Friday, November 16, 2012

Poso, Central Sulawesi, Indonesia: Reviving Jihad.

By Elizabeth Kendal

As Religious Liberty Prayer Bulletin has reported, the Indonesian government has deployed troops to Central Sulawesi in response to a string of terrorist attacks that in have included bombings and assassinations of police officers. On 22 October, belligerents set fire to a church in Madale village on the outskirts of Poso, in what appears to be a deliberate attempt to trigger sectarian conflict. In reporting the incident the Jakarta Post noted: "A re-emergence of the conflict would also serve to fire up Muslim extremists across the country to wage war against Christians."

See: Religious Liberty Prayer Bulletin (RLPB) 183
October Update, 31 October 2012

As the following articles indicate -- the terrorism continues.

Police Disarm Bomb Found in Poso Resident's Backyard
Jakarta Globe, SP/John Lory | November 09, 2012

Excerpts:

A bomb squad from Central Sulawesi Police disarmed a homemade bomb found in the backyard of a Poso resident's house on Thursday.

The homeowner, Yulianti, 63, who lives in the Landangan village, said she discovered the bomb in her backyard at 6:30 a.m.

[. . .]

Yulianti said the house was mostly empty the previous evening as the family had been at church.

Police have cordoned off the area where the bomb was found and have combed the area for clues. Personnel on site said the home-assembled bomb contained chemicals urea and nitrate, a detonator and a cable network.

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Poso Police Chief Survives Assassination Attempt
Jakarta Globe | November 15, 2012

Excerpt:

The incident occurred on Thursday [15 Nov] at 12:15 p.m. local time. Adj. Comr. Nicklas Karauwan, the chief of police of Poso Pesisir Utara, a subdistrict located in Central Sulawesi, reportedly left his house to take the key out of a motorcycle parked in his yard. Not long after he stepped outside gunshots were heard, and the police chief ran back into his house while ducking down.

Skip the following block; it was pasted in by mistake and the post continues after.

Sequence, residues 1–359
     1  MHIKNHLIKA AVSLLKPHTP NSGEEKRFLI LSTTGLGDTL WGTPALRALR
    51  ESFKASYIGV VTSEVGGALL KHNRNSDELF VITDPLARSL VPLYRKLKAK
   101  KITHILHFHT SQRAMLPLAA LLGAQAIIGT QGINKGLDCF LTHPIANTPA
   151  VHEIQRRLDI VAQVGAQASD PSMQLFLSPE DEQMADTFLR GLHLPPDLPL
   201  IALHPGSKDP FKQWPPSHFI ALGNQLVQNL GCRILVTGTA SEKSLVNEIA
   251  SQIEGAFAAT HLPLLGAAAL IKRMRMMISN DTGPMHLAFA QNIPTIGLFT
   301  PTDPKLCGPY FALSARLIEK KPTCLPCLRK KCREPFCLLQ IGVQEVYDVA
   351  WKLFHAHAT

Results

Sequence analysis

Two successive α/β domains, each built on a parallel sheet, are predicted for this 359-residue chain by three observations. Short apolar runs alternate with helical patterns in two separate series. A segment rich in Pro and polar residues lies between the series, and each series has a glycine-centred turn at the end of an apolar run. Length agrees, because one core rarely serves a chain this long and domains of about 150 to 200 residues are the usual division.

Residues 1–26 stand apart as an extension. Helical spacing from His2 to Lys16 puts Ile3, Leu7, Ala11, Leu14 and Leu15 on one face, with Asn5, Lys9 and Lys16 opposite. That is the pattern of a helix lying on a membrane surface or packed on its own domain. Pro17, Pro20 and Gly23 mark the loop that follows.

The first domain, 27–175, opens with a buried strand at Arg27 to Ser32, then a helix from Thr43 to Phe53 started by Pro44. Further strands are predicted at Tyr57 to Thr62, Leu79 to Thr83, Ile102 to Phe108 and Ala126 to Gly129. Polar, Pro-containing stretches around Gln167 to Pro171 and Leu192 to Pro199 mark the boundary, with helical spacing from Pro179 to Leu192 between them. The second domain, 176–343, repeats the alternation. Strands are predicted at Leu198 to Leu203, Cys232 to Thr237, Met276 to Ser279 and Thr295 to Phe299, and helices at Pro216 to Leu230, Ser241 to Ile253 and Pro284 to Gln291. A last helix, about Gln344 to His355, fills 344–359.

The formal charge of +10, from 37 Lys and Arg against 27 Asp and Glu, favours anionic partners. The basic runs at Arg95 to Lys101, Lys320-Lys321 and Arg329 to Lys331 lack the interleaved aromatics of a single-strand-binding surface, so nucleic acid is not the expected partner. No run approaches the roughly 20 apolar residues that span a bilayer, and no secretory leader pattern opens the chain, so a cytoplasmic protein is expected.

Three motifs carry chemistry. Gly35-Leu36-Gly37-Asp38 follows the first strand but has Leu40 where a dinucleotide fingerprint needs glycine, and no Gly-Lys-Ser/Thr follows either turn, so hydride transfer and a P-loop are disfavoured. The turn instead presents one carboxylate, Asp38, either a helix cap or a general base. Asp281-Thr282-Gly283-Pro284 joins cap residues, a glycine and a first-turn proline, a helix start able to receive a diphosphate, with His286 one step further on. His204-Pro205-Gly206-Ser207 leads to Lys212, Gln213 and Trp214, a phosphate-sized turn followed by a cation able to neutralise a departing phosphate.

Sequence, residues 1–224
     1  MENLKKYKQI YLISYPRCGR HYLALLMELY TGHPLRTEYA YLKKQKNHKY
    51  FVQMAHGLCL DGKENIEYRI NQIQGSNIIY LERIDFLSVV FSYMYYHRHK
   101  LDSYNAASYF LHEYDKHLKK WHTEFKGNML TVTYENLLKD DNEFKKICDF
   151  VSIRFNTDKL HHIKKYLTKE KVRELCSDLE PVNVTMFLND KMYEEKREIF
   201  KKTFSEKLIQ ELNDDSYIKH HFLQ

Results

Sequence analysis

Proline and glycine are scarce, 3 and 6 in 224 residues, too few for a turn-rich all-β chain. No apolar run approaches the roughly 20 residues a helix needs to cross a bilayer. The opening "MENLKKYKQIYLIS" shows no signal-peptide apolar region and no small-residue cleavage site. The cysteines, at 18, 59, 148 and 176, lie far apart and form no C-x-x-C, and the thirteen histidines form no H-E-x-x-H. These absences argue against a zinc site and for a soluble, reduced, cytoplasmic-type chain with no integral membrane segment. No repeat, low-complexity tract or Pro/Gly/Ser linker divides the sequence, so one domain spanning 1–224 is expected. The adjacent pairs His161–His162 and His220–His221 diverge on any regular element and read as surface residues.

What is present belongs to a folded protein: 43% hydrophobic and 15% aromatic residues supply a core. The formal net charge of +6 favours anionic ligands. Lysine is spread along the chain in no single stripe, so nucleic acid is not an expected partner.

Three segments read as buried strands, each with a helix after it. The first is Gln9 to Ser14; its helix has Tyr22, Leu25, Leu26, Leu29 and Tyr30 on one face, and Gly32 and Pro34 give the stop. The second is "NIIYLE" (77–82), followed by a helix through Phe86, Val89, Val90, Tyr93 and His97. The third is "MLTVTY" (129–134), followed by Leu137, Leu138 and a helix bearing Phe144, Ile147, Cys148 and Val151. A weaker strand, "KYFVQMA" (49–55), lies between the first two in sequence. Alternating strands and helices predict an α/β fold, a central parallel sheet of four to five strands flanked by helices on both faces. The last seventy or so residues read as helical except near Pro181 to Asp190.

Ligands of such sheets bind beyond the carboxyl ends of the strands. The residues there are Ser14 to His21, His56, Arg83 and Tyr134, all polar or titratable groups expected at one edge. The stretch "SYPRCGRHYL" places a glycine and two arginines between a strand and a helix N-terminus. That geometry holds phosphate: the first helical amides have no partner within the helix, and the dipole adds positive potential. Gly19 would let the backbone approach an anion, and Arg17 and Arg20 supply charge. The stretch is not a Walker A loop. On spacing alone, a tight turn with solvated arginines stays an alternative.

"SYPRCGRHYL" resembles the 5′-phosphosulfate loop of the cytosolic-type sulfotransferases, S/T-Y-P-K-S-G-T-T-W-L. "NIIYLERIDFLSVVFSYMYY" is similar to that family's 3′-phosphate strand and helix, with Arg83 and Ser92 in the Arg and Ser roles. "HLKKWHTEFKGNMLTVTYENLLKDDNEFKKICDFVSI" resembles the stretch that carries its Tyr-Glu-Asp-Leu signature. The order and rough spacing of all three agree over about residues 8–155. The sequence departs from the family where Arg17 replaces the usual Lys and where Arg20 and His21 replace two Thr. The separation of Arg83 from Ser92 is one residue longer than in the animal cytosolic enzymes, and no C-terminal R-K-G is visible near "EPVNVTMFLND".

“A [police officer] fired back, but the perpetrator had already run away,” Eko said.

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REVIVING JIHAD

The following article, published in the Jakarta Post on 13 November, is one to download and read in full.

Moderate Islam losing ground to extremists in Poso
By Bagus BT Saragih and Ruslan Sangadji,
The Jakarta Post | Expose | Tue, 13 November 2012.

Excerpts:

The government’s failure to thoroughly root out radicalism, coupled with alleged police brutality in counterterrorism raids, have reunited the Islamic fighters and boosted the spirit needed to radicalize traumatized residents.

[. . .]

Besides their expanding base, militants have also aggressively tried to take over mosques run by moderate Muslim groups.

Former Islamic combatant Sutami Idris, who is now a respected moderate Muslim cleric, said many mosques were struggling to prevent the infiltration.

Many moderate mosques in Poso have gradually come under the control of radical groups, Sutami said last week.

“Their movement looks to be very organized. First, they deploy their followers as ordinary congregation members to regularly attend prayers at particular mosques to gain trust.”

“Once the trust begins to develop, these people are given responsibilities, such as announcing adzan [Muslim call to prayer] and are allowed to be part of the mosques’ organizations. When this stage is reached, they begin to spread their radical ideology,” he said.

According to Sutami, radical teachings can be easily identified by the way jihad is allowed to be carried out.

“Robbing a jewelry store owned by ‘infidels’, for example, can be considered halal for these kinds of group,” Sutami said.

Sutami acknowledged that many Islamic clerics from outside Poso, particularly from Java, such as Surakarta and Semarang, had played significant roles in the radicalization movement.

[. . .]

The authorities in Poso are also worried over the inflow of former combatants of the Philippines’ Moro Islamic Liberation Front (MILF).

The Philippine government signed a peace pact with MILF last month to end decades of bloody separatism conflict. However, the combatants, who oppose the peace pact, may have traveled to Poso to help their Muslim brothers in the fight.

[. . .]

. . . the authorities have again been alerted to the inflow of extremists from Java.

According to Adnan Arsal, the leader of the Tanah Runtuh neighborhood, many clerics and militants from Java had opted to shift their jihad operations to Poso.

Militants and terrorist fugitives apparently want to create tension between Christians and Muslims in Poso in the hope of reviving the sectarian conflict. . .

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END